Business Strategy. More is More
Earlier in this series we talked about the importance of margin and of making sure that you consider all the small hidden costs when setting your pricing. We acknowledged the need to include expenditures of time for picking packing, shipping and also for payment gateway charges. So it’s one thing to add them but how can you reduce them?
Well so much depends on upon the products you are selling as to where savings can be made. For example, it’s worth spending time on the layout of your storeroom or warehouse if you have one - as an efficient picking process will reduce the time it takes to transfer products from there to be packed.
One of the best ways of cutting down the cost of processing per unit is to increase the volume of units being shipped. Obvious you might say and sure - that’s what you spend most of your time doing, trying to sell more right?
But there are other ways of increasing volume than doing more of the same.
Add More Flavours of Stores!
What you may not know is that many organisations sell the same things under different branded eCommerce stores. It’s so easy to spin up a new theme on Shopify that looks completely different and with a different name but sells the same products. You can use most of the same assets to build the store if you wish - like photography, product descriptions, standard terms, and policies.
The casual customer may only see one store anyway because they found what they were looking for in a search or came from a link that only worked with one of your sites.
So if you sell pet jackets, then you could have three different domains with three completely different themes such as petjackets.com (for all pets), poochwear.com (just for dogs) and kittycoats.com (for cats). In that case, you would just sell a subset of products aimed at more specific markets.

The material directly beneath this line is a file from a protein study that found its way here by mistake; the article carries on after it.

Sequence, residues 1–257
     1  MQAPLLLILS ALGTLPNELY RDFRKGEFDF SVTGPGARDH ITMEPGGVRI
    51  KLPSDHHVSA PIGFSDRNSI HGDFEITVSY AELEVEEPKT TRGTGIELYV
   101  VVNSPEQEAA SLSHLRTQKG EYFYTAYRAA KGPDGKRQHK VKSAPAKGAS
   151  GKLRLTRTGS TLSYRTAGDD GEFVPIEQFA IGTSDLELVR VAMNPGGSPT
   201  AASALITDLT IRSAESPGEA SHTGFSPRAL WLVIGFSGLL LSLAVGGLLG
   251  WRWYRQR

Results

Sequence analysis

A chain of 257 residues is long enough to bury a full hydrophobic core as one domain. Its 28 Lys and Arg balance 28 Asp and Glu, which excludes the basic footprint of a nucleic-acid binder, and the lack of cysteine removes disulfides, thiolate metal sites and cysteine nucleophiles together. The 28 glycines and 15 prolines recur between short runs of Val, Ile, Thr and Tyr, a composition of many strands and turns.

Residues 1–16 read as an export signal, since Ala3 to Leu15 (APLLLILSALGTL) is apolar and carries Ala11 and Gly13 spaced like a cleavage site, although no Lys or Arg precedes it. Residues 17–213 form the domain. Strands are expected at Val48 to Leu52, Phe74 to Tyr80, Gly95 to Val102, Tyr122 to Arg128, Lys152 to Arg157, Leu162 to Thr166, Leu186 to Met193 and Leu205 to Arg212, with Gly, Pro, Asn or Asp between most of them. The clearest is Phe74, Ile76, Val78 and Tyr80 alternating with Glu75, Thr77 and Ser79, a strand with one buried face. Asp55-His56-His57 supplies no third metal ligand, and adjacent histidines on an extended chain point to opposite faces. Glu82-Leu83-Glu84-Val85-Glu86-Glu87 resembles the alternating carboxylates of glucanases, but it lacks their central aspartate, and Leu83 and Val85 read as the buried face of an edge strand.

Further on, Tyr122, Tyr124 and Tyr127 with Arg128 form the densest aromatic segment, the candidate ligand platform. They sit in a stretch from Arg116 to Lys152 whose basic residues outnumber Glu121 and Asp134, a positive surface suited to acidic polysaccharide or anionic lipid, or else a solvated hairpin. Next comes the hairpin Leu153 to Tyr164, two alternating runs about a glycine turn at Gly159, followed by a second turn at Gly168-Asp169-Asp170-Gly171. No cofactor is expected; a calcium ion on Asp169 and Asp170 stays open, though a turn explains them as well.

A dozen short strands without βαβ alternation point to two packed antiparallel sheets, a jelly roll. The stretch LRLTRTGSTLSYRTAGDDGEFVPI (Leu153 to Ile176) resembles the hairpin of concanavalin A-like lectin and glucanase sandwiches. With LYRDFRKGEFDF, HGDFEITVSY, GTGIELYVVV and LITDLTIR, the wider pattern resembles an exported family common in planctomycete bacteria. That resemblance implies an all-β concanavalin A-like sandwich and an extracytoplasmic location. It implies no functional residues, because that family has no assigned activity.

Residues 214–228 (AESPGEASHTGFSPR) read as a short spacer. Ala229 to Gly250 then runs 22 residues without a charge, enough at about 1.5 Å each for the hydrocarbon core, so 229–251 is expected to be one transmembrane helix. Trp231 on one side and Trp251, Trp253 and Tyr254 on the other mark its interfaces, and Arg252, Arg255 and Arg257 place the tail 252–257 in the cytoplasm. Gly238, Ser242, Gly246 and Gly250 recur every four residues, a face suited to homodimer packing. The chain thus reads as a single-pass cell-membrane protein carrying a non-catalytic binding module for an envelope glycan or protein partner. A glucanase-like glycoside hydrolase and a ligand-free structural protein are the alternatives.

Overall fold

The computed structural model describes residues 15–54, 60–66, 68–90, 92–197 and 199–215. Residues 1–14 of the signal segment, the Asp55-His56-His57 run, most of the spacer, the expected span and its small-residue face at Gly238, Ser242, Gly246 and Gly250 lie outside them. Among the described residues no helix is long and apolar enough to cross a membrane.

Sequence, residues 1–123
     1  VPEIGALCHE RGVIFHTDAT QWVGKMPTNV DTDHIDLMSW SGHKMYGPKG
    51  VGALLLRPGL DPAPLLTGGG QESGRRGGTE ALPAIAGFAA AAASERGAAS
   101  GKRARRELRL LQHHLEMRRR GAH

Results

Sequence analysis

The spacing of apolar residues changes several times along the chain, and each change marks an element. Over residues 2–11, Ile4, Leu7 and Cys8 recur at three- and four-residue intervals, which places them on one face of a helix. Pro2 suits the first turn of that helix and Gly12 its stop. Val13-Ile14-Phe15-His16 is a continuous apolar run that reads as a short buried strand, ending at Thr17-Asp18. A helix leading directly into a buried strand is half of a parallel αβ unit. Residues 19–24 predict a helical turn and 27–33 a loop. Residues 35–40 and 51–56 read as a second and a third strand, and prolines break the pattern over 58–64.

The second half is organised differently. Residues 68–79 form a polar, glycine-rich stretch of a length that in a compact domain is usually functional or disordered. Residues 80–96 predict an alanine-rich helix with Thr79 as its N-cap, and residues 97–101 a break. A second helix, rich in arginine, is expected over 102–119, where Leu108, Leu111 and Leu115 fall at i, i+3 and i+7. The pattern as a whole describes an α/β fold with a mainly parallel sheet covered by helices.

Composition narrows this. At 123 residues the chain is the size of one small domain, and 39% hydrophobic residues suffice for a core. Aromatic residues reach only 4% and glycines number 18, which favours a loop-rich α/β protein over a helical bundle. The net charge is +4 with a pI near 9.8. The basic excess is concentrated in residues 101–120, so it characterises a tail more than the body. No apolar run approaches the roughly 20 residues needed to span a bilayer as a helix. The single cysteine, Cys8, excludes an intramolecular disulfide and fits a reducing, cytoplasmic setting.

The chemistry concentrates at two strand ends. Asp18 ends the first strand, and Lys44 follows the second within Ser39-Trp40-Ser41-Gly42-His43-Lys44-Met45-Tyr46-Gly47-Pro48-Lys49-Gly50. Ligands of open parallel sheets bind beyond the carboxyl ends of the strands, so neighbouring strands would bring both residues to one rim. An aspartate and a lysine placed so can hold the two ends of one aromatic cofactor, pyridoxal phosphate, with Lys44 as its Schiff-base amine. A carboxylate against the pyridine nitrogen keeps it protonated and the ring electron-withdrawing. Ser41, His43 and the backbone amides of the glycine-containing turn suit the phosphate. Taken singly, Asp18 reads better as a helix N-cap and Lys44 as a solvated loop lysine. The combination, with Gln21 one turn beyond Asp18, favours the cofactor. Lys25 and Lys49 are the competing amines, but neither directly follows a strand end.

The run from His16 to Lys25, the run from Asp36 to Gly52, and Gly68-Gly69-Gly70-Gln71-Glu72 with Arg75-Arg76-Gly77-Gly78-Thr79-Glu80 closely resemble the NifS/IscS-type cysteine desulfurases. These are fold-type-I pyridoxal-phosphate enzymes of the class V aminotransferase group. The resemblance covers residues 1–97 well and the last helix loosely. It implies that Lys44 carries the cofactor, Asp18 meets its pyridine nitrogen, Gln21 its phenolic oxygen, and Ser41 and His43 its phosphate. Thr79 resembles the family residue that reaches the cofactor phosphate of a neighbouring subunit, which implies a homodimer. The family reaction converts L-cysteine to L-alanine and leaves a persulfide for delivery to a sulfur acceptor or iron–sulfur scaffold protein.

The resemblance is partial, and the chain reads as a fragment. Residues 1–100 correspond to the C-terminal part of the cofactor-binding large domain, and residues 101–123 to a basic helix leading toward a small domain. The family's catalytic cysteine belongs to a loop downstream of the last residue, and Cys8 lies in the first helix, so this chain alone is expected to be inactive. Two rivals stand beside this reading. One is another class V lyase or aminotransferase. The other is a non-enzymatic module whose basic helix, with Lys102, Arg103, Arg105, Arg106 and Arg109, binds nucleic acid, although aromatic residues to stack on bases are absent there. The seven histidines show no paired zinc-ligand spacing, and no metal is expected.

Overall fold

So why would you run multiple stores?
Test different pricing strategies – if one site sells the same product at a different price then you can determine how price sensitive the market is without affecting the other sites
Appeal to a different audience. One store may have a different ‘feel’ with a focus on a different age group or geographic territory. Perhaps also you may want to sell a more limited range for a particular audience
Test different marketing and traffic strategies.
Increase the volume of sales – multiple sites may not enhance sales in the same proportion, but they will undoubtedly be larger overall.
How about the downsides?
As with so much of e-commerce operations, it’s about using the time where it’s most effective. So creating multiple stores is probably something to start thinking about after you have the first one up and running. But after that the risks are few:
You need to be careful that you don’t dilute your traffic - so try to keep the audience types separate
While there is nothing wrong with running multiple eCommerce store brands, some stalwart customers may feel cheated if they find out the same product is available from the same seller at different prices. So be ready with an explanation for why that is if you feel the need.
If you are going to run multiple stores, then make sure you can aggregate all your sales through a single payment Gateway such as Stripe. The greater the value of total sales, the less transaction, costs you will pay per unit.
Also, be sure to measure the effect in conversions from every change you make to each store. Things that work on one site can be tested without affecting others initially, but if they work then you can roll them out across your Empire!